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Who didn't pause yesterday, and bow, ever so briefly, in deep gratitude to the astonishing mind that sprouted forests out of our childhood bedrooms.
What writer, or reader, or member of the human race, didn't sigh and give a slow, sad shake of the head when hearing that Maurice Sendak had died.
The multitudes have already blogged and tweeted and posted a zillion odes, so I humbly offer simply one more:
~~ a little girl's memory of devouring details in Sendak's illustrations, and the way they all came back to me, vivid and wild as ever, when I read his books to my own children
~~a mother's gratitude for Little Bear, Swine Lake and other Sendakian gifts of literary and visual genius that made me want to pull my girls close and turn pages upon pages, even when I was tired out of my mind
~~a writer's delight at re-reading WTWTA (Where the Wild Things Are) as a grown up, with new appreciation and astonishment at the spare poetry and rhythmic wonder of his craft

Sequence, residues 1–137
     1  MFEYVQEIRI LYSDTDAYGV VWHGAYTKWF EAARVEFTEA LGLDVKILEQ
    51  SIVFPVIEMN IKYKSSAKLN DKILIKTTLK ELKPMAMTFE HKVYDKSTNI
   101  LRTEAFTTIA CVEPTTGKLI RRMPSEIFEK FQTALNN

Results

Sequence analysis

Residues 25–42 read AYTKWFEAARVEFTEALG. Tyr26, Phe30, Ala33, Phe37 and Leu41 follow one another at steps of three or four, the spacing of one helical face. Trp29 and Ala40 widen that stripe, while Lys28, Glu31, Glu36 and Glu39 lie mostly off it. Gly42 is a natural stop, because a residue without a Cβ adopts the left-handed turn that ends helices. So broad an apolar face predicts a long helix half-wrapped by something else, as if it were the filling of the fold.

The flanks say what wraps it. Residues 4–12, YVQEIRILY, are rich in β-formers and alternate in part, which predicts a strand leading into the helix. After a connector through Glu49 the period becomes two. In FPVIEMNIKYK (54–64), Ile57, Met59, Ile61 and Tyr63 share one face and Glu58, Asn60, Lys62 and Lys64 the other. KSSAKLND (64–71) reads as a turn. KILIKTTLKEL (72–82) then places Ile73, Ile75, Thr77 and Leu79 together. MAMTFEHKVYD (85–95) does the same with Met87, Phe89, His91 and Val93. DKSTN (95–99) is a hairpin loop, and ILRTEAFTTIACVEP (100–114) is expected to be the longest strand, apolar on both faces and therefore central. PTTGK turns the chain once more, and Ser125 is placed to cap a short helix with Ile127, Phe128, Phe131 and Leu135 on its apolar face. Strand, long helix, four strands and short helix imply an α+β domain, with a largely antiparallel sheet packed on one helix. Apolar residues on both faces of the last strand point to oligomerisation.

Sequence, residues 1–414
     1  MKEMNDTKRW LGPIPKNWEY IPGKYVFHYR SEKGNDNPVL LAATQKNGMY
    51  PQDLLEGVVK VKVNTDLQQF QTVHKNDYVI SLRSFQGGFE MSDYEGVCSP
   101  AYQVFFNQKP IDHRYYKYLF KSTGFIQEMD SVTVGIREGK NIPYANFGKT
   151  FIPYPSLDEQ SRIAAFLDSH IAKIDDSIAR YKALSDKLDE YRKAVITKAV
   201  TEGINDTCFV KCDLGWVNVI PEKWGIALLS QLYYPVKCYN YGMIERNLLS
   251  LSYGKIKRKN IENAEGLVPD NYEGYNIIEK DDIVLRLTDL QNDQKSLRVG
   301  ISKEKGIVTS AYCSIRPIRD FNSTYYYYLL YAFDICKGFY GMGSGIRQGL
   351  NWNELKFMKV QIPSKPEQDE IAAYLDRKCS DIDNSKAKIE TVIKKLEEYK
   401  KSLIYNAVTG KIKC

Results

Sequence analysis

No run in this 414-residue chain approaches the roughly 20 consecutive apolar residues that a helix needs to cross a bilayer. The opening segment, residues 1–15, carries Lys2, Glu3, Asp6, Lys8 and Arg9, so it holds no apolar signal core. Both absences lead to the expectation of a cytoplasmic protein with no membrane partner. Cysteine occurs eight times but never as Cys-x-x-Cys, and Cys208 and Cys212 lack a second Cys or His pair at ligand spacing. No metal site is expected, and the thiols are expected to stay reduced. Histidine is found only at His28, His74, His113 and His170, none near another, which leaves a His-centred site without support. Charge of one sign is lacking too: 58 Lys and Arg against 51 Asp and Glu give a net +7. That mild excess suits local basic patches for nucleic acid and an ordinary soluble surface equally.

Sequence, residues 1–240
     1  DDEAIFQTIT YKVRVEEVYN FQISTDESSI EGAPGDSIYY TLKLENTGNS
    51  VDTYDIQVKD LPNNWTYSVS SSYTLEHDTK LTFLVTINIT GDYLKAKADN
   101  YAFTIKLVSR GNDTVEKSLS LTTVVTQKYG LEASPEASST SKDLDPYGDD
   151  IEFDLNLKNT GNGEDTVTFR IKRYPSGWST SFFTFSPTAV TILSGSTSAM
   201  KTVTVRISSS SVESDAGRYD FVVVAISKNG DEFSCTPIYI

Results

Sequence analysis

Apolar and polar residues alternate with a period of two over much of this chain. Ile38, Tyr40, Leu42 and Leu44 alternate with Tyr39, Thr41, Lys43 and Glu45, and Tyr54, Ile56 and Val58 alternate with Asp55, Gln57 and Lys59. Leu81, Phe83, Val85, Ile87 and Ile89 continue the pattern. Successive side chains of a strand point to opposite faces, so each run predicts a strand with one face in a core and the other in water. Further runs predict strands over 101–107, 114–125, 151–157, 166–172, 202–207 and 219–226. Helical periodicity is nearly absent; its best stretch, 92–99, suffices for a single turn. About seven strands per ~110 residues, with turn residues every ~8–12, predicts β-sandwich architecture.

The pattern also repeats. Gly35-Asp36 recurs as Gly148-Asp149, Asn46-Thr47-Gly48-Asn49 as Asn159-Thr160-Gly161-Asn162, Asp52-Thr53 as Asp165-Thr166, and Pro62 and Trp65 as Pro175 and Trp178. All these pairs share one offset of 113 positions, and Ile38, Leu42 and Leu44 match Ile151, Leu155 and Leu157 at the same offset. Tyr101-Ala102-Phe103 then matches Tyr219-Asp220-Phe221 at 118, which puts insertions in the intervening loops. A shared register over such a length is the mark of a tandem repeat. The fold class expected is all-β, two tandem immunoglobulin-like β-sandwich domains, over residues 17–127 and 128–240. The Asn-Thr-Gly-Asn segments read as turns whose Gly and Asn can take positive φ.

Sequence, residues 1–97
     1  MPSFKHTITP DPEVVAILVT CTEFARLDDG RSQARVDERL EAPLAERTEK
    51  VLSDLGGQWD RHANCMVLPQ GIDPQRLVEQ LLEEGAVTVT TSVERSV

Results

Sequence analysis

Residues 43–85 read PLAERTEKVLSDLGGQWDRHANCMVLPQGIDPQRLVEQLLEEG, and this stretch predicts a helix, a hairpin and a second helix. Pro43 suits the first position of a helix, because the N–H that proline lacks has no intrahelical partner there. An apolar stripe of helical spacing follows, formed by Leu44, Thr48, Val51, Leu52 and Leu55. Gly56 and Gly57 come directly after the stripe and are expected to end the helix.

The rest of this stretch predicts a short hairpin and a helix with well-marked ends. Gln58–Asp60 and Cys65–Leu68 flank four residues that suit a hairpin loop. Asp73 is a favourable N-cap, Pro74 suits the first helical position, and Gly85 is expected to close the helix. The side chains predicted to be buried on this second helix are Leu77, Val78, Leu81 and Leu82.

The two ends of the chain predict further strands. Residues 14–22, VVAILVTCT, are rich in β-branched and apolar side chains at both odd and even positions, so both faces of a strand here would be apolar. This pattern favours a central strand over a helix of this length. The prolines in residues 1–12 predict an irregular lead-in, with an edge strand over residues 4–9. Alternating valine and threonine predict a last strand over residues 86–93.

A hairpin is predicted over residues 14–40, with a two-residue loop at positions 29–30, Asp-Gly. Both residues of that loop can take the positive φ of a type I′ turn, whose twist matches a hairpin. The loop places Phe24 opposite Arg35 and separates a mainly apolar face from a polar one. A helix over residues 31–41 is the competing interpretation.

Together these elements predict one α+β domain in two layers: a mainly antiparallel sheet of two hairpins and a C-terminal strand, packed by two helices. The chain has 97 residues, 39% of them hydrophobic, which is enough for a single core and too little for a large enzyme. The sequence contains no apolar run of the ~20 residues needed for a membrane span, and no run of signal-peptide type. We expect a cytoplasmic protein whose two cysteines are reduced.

~~a daughter's tender heart at watching Spike Jonze's wonderful film version of WTWTA with my mother in her last months of life, knowing she'd love those bizarre but so very real creatures in all their quirky humaness. And she did.
Then amidst the tributes, I found this clip from a Colbert interview. It's a duel of eyebrows, of expertly choreographed facial expressions—one brilliant mind playing off the other, with some zinger Newt Gingrich slams and other yummy tidbits thrown in.
It's hard to love Sendak even more than I already did, but if anyone can make me, it's Stephen Colbert and his little bag of penises.
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